With margins always a concern for Amazon investors, the company can ill afford to lose market share for the Kindle Fire, the product designed to tie everything it does together.
But it looks like the tablet could have its flame extinguished if Amazon fails to keep pace with the competition on innovation.
A new survey by research firm IDC estimates the Kindle Fire lost significant market share in the first quarter, dropping down to 4 per cent from 17 per cent in the fourth quarter.
Apple was the main winner here, taking 68 per cent market share, up from 54.7 per cent in the fourth-quarter of 2011. As tablet sales overall slowed in the first quarter of 2012, Apple continued to dominate the market profoundly, and this could potentially be the beginning of the end for Amazon, if it fails to innovate.
One hedge fund analyst, who declined to be named, expects Amazon to release another one or two versions of the Kindle Fire to try to get it right, but if they don't, Amazon could be in big trouble. “Game over,” he said, when asked if Amazon was in trouble.
“Apple reasserted its dominance in the market this quarter, driving huge shipment totals at a time when all but a few Android vendors saw their numbers drop precipitously after posting big gains during the holiday buying season,” said Tom Mainelli, research director, Mobile Connected Devices at IDC in the press release. “Apple's move to position the iPad as an all-purpose tablet, instead of just a content consumption device, is resonating with consumers as well as educational and commercial buyers.”
A major factor in Apple reasserting its dominance appears to be lowering the price on its iPad 2 to $399 from $499, which it did when it announced the new iPad in March. “And its decision to keep a lower-priced iPad 2 in the market after it launched the new iPad in March seems to be paying off as well,” said Mainelli in the release.
The complaints about the Kindle Fire include a lack of features and shoddy Internet browsing, and perception of the product is such that rivals feel comfortable getting in little digs.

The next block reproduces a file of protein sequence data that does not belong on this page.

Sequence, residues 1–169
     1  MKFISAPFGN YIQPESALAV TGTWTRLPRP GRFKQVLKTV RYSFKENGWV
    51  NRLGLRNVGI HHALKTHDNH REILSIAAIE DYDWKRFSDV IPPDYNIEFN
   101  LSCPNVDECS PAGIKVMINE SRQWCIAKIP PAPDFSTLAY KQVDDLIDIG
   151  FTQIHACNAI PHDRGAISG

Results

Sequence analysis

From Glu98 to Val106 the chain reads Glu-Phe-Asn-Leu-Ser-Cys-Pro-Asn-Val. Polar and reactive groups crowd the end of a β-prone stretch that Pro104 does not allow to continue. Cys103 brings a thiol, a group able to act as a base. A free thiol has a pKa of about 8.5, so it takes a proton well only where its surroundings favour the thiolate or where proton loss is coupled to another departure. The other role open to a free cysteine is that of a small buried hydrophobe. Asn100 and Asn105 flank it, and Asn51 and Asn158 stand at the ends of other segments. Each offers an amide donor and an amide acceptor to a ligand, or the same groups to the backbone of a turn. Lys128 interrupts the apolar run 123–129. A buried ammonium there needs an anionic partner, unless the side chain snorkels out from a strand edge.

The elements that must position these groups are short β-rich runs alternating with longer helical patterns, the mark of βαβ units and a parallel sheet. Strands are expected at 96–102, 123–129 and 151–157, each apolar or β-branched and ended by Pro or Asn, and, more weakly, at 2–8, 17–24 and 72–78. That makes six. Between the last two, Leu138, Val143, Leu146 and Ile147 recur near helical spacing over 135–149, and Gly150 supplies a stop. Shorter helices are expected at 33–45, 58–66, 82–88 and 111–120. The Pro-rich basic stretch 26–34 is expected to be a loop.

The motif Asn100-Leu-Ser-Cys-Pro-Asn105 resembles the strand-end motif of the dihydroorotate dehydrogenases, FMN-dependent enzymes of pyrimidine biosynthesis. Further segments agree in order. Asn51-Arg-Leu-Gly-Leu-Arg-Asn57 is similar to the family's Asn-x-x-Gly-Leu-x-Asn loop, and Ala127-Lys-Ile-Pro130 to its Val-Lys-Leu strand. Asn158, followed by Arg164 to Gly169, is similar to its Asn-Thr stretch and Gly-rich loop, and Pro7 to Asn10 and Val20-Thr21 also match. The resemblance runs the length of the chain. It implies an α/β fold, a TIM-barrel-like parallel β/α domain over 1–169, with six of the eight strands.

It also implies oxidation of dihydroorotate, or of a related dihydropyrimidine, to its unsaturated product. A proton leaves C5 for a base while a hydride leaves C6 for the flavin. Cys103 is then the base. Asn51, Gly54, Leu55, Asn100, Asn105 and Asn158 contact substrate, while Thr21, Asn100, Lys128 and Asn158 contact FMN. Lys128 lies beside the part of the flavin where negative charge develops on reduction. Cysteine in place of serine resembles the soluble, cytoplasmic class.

Barnes & Noble CEO William Lynch said on the company's fourth-quarter conference call he had heard about some “quality issues with our biggest competitor” on their new product, with most presuming this to be the Kindle Fire. Lynch said he heard of return rates between 15 per cent and 25 per cent for the tablet.
Barnes & Noble recently announced a deal with Microsoft to expand its tablet offering, the NOOK.
Another hedge fund analyst, who is short Amazon, believes the company is out of its league when it comes to the competition in the tablet space.
“The Kindle Fire is behind. [Amazon]is competing with engineering companies, like Apple. Getting kicked out of Target was a big deal with Target fighting back on show-rooming. It could come out of a lot of retail destinations,” she said over the phone.
Amazon has to get the Kindle Fire strategy right because the tablet, which it sells below cost, is supposed to be the main driver for growing media sales, currently 30-40 per cent of its overall revenue. The company won't be able to deliver revenue growth of 20 per cent year-over-year if media is falling, the hedge fund analyst said. “It's still crucial to their success,” she said.
As rumours of a mini-iPad swirl, Amazon may have to announce a larger product to keep Apple from taking even more market share than it already has.
IDC's Mainelli said that he expects a “new larger-screened device from Amazon at a typically aggressive price point,” otherwise Apple may wind up completely shutting Amazon out.
The hedge fund analyst who is short Amazon put it best. “If Apple has a $299 offering for Christmas, I don't think a $100 difference will hurt Apple. Why would anyone buy Amazon when you can buy Apple?”